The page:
Photographer: John Taggart/Bloomberg

Pimco Quants Say Too Many Investors Are Getting Hedges Wrong

Updated on
  • Important to take ‘currency-by-currency’ approach: Pimco says
  • Aussie moves in line with riskier assets, yen moves inversely

Pacific Investment Management Co. says one-size-fits-all hedging tactics are undermining pension returns.

Many institutional investors choose uniform currency protection for each asset class, and that means they miss out on the opportunity to benefit from the way some exchange rates are correlated with moves in riskier assets, says Pimco, which oversees $1.5 trillion of assets. So Australian-based investors fail to reap the full benefits from their dollar’s tendency to strengthen when stock markets rise and their Japanese counterparts aren’t getting the most from the yen’s habit of climbing when equities fall.

The standard practice among Australian multi-asset managers, which invest on behalf of the world’s fifth-largest pension pool, is to hedge around one third of their foreign-exchange exposure for global equities. The need to protect income has never been more acute as unprecedented monetary easing from Japan to Europe sends global yields to record lows, and retirees reliant on steady income streams are being forced to live on less amid compressed returns.

“Our research shows that this sort of strategy can significantly reduce the risks for multi-asset portfolios,” Laura Ryan, a Sydney-based quantitative research analyst at Pimco, said in an interview last week. “At a time when many of our clients are investing to manage their savings after retirement, mitigating downside risks is vital.”

Investors across Australia’s A$2.1 trillion ($1.6 trillion) pension savings sector are better off hedging against fluctuations in the dollar, Canadian loonie and the pound, given the Aussie is already high-risk, while applying 100 percent protection for bonds, according to Ryan.

The yen draws interest in times of stress, while the Australian dollar tends to correlate positively with equities and gains when markets are on the rise, Ryan and Helen Guo, a quantitative research analyst based at Pimco’s head office in Newport Beach, California, wrote in a paper on currency hedging optimization.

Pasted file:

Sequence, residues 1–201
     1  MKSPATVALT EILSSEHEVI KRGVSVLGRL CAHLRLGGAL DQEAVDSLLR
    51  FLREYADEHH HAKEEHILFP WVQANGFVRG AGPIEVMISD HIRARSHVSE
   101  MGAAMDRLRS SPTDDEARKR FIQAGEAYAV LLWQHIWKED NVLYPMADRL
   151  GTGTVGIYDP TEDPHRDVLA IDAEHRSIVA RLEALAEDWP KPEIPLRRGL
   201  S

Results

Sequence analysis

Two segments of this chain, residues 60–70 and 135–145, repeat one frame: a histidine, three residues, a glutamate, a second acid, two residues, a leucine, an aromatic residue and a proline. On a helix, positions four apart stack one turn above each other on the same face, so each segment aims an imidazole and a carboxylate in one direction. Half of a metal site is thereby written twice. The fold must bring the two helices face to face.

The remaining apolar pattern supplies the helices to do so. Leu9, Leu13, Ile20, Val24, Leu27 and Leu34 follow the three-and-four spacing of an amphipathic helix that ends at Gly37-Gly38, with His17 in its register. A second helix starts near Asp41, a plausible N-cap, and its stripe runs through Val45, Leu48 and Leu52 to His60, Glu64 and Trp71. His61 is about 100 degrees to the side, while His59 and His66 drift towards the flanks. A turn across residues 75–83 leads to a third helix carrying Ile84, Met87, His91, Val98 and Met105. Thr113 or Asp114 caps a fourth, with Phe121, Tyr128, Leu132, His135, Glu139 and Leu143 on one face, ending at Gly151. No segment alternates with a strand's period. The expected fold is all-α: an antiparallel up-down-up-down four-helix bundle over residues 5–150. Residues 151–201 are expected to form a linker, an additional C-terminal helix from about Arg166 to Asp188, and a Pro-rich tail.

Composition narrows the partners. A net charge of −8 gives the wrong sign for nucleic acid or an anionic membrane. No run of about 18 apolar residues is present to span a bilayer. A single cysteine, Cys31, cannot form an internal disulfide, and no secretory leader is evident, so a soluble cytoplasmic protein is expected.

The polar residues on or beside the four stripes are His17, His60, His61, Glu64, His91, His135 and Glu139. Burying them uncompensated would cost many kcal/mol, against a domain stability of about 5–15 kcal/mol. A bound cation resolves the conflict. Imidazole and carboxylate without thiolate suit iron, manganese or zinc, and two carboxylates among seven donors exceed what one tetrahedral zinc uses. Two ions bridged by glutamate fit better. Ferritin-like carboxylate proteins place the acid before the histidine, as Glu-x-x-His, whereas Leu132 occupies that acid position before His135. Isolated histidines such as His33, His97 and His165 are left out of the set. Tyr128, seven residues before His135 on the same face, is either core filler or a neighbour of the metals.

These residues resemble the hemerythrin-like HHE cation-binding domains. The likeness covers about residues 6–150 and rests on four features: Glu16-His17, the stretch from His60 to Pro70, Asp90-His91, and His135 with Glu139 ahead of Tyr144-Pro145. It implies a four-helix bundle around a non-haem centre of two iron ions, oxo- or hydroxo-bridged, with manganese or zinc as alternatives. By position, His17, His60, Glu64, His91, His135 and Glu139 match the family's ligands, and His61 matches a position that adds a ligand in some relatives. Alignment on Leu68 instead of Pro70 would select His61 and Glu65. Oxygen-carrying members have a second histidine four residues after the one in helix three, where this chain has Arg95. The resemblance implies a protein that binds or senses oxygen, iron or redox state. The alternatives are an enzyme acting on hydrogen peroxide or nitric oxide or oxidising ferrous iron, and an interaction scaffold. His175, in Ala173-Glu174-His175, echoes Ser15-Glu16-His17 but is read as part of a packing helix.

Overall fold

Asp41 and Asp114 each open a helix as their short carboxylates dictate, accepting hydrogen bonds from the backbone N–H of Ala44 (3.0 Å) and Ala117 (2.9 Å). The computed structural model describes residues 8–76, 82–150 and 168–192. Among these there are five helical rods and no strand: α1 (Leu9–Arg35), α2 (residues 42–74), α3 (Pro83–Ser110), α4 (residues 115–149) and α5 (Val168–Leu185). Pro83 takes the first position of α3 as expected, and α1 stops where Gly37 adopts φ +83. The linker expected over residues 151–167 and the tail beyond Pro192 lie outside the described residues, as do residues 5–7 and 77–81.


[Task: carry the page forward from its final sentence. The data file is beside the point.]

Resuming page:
An Aussie investor that hedged its currency exposure to the S&P 500 Index would have made a gain of 5.7 percent this year through Monday’s close, while the return if remaining unhedged would be 0.5 percent. And an Australian buying the Nikkei 225 Stock Average would have limited losses to 1.8 percent as of Tuesday by avoiding any currency protection, while a hedged investor would be out of pocket to the tune of 12 percent.

“For an Australian investor who starts with zero hedging on a multi-asset portfolio, protecting against moves in the U.S. and Canadian dollars and the pound would curb risks, while hedging against moves in the euro, the yen and the franc would increase risks,” Ryan said. “This highlights the importance of taking a currency-by-currency approach to the FX hedging decision.”

Pimco has already implemented its currency-by-currency hedging strategy for a “few clients” and so far the outcome has been “positive,” Ryan said. She declined to name them.

The analysts assumptions used the Aussie, yen and the dollar as base currencies, with a portfolio comprising 60 percent equities and 40 percent bonds, split equally between domestic and global assets, they said. Pimco considered seven currencies for hedging -- dollar, euro, yen, pound, Canada’s loonie, Aussie and Swiss franc.